1 2

John F. Kennedy School of Government Institute of Politics, A Guide to Reaching Young Voters, 2004. Nickerson, David W. Hunting the Elusive Young Voter, Journal of Political Marketing, Vol. 5 (3) 2006. 3 Nickerson, 2006. 4 Nickerson, 2006.


when the leaders were asked about the ‘long-term success of their organizations.’”5 In Shea & Green, local party chairs were asked: “Are there demographic groups of voters that are currently important to the long-term success of your local party?” Only 8% of those party leaders mentioned young voters, and “senior citizens were mentioned nearly three times as often.”6 Political parties are less likely to include young voters in their targeting because of the “difficulty of reaching out to them.”7 Young voters also tend to lack “significant income and therefore do not make campaign contributions.”8 These characteristics result in political parties largely ignoring young voters in both their persuasion and fundraising programs. The low voter turnout performance caused by the difficulty in contacting young voters “and the lack of alternative benefits affords political parties and campaigns little reason to court the young voter” if their focus is purely on short-term victory.9 In order to conserve resources young voters are not included in the targeting to reach a campaign’s vote goal, even though “the relatively less stable preferences of young people make them a relatively larger portion of the persuadable electorate to which candidates could appeal.”10 It is clear that young voters will not be mobilized in any significant volume unless they are targeted, something political parties and traditional campaigns are not likely to do. Shea and Green have found that “most local parties either have no youth mobilization


Shea, Daniel M. and Green, John C. Throwing a Better Party: Local Mobilizing Institutions & the Youth Vote. April 7, 2004. 6 Shea & Green, 2004. 7 Shea & Green, 2004. 8 Nickerson, 2006. 9 Nickerson, 2006. 10 Nickerson, 2006.


programs or their programs are extremely modest in scope.”11 Without another organization specifically seeking out young voters the “vicious cycle” David Nickerson describes will not be broken.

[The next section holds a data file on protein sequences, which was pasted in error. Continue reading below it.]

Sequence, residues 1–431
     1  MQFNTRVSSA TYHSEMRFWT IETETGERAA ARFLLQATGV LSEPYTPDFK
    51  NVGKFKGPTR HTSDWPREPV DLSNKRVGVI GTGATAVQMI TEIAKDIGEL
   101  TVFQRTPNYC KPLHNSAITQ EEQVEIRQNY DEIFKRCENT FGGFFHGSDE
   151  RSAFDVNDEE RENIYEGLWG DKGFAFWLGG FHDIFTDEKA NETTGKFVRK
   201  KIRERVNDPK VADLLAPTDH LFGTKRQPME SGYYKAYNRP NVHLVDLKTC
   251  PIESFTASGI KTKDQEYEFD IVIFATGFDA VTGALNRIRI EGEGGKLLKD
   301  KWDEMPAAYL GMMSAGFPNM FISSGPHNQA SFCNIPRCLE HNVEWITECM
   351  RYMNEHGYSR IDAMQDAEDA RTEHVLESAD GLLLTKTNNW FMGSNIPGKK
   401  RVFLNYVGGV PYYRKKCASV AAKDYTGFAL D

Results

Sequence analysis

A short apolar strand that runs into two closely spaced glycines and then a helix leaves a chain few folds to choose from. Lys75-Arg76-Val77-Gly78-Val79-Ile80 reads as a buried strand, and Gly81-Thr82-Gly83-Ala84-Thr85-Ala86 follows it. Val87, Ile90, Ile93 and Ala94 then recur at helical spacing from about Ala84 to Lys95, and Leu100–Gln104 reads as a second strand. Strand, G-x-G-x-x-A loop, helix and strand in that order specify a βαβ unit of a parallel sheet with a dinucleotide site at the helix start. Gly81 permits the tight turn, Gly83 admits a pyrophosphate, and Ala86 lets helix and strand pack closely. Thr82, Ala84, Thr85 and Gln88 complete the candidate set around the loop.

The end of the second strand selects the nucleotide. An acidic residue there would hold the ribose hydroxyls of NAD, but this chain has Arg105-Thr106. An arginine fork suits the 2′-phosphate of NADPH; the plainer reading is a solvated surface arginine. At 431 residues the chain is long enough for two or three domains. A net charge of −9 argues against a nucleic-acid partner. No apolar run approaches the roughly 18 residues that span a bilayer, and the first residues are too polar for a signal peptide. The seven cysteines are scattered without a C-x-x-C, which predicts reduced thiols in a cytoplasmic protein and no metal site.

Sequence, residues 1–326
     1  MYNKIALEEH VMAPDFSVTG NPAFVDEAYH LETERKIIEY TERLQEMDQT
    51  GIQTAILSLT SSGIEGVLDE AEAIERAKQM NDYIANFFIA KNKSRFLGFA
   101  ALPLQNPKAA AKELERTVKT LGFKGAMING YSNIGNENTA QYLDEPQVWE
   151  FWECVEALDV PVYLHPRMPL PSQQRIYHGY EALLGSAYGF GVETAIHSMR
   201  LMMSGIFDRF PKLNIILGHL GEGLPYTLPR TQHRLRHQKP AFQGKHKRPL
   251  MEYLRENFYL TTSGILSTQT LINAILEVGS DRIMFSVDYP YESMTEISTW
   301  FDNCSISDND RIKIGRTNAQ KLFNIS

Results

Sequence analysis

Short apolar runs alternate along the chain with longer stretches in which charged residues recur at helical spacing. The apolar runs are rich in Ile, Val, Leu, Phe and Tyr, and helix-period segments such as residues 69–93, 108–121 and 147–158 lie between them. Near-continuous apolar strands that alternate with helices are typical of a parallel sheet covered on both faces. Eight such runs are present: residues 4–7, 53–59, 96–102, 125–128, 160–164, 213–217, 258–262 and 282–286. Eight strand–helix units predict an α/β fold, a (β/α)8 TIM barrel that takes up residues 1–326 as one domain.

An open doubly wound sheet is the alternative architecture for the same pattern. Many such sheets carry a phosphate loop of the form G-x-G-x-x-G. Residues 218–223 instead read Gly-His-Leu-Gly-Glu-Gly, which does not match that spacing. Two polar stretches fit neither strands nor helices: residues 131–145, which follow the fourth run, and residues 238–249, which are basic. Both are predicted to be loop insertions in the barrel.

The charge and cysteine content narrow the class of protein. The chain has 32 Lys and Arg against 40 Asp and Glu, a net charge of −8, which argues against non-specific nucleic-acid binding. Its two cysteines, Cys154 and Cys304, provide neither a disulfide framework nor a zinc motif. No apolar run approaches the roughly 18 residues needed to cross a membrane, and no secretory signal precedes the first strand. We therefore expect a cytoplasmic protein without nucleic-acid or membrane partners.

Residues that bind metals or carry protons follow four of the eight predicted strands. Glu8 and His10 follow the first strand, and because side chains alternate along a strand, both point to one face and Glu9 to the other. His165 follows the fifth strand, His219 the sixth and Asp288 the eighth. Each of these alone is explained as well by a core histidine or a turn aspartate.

Shea & Green, 2004.


The Advantage of Peer-to-Peer Youth Mobilization Most research on voter mobilization has concluded that the effectiveness of a voter mobilization tactic increases when the contact becomes more personal. Field experiments conducted by Young Voter Strategies confirmed that “person to person contact has the strongest impact on the likelihood that a young person will register and vote,” and in successful youth mobilization campaigns it “seems clear that grassroots and peer-to-peer campaigns will play a major role.”12 Research conducted by Ryan Friedrichs in 2002 “found the more personal tactics has the highest impact and were the most cost effective.”13 The results of Friedrichs’ research on young voter mobilization two years later suggested “several peer-to-peer field programs reached voters traditional campaigns did not, adding an extra 5% on average to progressive turnout in target precincts.”14 Research has also shown that young voters can be mobilized if a campaign targets them and is able to make contacts. According to research conducted by the George Washington University, “the lesson learned is that today’s young adults are an engaged generation that will vote in higher numbers if they are asked.”15 Nickerson’s research has shown “that the obstacle to mobilizing young American voters is not the lack of responsiveness to the message but rather reaching the audience to give the message in the first place” and that “young people are equally mobilized by contact as mature


Smith, Heather. Targeted Field Efforts Mobilize Young Voters. Politics Online Conference Magazine, 2006. 13 Friedrichs, Ryan. Mobilizing 18-35 Year Old Voters: An Analysis of the Michigan Democratic Party’s 2002 Youth Coordinated Campaign, 2003. 14 Friedrichs, Ryan. Young Voter Mobilization in 2004: Analysis of Outreach, Persuasion and Turnout of 18-29 Year Old Progressive Voters, 2006. 15 The George Washington University Graduate School of Political Management. Young Voter Mobilization Tactics: A Compilation of the Most Recent Research on Traditional and Innovative Voter Turnout Techniques, 2006.